Wrinkled Goldenrod Plants: A Guide To Rough Goldenrod Care

Wrinkled Goldenrod Plant
rough goldenrod
(Image credit: Fritz Flohr Reynolds)

Rough goldenrod (Solidago rugosa) flowers bloom in the fall and add a spectacular, rich yellow to the autumnal landscape. As a native wildflower it looks great in perennial beds and natural areas of your garden. Care is easy, and contrary to popular belief, it does not trigger allergies.

Rough Goldenrod Information

Goldenrod is native to many parts of the U.S. and is easily identifiable as a bright, golden yellow clump of flowers so characteristic to fields and meadows in fall. These perennial flowers grow to a height of 2 to 5 feet (61 cm. to 1.5 m.). The flowers are yellow and small but grow in large clusters, blooming between August and September. The leaves of rough goldenrod, sometimes called wrinkled goldenrod, are toothed, deeply veined, and rough in texture. There is no question that this is a pretty flower to have in any wildflower garden, meadow, or native plant bed. It also attracts bees, butterflies, and birds. However, all types of goldenrod have gotten a bad rap during hay fever season. It has been blamed for these allergies, but unfairly. It is ragweed, which just happens to produce pollen while goldenrod is blooming, that causes the allergic symptoms. If you use wrinkled goldenrod plants in your garden and have no ragweed in the area, you won’t have the usual allergies.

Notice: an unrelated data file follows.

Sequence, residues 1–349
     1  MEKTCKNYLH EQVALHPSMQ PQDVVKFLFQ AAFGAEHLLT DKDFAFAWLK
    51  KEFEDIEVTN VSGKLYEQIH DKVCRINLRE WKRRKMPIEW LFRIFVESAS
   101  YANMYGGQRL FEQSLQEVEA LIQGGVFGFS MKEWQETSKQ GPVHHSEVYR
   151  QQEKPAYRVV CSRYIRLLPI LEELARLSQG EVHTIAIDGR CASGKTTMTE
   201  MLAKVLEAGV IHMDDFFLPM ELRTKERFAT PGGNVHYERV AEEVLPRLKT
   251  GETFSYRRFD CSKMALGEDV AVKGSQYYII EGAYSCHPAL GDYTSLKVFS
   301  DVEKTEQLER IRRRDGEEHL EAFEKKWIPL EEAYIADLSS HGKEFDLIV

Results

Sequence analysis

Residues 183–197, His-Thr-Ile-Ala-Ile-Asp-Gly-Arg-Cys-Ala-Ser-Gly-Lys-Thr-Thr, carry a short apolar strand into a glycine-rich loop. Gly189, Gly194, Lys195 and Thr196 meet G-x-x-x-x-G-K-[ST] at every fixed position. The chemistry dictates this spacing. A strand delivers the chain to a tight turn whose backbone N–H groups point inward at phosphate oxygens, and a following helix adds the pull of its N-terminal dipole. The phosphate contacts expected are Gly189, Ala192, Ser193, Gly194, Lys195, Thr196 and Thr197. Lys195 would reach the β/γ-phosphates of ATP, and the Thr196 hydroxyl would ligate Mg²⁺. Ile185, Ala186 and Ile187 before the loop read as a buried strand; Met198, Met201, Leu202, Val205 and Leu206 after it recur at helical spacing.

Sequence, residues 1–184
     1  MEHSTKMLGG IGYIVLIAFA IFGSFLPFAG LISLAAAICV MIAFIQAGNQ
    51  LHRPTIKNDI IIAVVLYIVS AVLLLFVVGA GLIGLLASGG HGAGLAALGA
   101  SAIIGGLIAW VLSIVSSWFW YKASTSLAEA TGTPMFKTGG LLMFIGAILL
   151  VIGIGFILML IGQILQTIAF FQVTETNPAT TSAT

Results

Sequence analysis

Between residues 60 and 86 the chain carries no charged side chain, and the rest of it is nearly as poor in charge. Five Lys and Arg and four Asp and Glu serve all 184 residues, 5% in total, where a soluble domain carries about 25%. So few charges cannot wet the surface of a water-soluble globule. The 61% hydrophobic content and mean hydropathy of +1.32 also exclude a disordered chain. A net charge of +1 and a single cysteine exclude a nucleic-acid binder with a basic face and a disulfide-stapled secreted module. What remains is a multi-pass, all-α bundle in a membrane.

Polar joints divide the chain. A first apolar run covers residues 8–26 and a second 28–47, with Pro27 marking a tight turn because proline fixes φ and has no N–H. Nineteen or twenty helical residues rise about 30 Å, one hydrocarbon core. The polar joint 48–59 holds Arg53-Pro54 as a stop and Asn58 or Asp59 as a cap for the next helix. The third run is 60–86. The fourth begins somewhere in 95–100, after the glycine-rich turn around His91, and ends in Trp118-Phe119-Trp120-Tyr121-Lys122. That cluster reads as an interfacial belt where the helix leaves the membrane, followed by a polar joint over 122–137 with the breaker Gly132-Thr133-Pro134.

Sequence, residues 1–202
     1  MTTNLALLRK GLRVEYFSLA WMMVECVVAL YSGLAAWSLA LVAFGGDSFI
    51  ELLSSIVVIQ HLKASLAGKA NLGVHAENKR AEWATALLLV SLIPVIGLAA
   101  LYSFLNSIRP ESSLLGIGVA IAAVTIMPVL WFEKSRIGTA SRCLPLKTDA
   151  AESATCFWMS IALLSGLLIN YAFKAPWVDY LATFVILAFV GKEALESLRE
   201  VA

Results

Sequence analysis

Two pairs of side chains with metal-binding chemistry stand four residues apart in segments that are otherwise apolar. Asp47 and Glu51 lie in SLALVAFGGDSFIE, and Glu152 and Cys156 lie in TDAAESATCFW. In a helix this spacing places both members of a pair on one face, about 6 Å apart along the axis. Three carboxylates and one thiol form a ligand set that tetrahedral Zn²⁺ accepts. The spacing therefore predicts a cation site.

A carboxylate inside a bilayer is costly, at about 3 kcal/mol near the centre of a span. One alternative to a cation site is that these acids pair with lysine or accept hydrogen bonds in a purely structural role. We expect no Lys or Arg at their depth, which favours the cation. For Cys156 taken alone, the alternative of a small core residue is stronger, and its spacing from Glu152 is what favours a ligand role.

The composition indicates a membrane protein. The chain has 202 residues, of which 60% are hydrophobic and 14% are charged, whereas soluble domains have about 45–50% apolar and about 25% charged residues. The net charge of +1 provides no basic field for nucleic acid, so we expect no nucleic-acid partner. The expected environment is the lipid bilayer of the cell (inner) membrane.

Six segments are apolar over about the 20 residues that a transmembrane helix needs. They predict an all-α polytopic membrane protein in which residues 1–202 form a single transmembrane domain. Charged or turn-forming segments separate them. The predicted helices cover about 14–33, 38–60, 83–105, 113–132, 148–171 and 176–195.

Growing Rough Goldenrod in the Garden

As a native, perennial wildflower, rough goldenrod care is not labor intensive. Give it a spot in full sun, or a spot with a little shade, and with well-drained soil. The soil should be moist much of the time, but goldenrod will tolerate dry soil. Once your plants are established, you shouldn’t need to water them often. To propagate rough goldenrod, you can sow seeds right in the soil, but be heavy-handed, as germination is spotty. You can also take cuttings in late spring or early summer or divide the roots in late winter. Divide to propagate or just to thin out clumps for the coming growing season. If collecting seeds from your plants, look for the thicker seeds; flat seeds are not usually viable.

Mary Ellen Ellis

Mary Ellen Ellis has been gardening for over 20 years. With degrees in Chemistry and Biology, Mary Ellen's specialties are flowers, native plants, and herbs.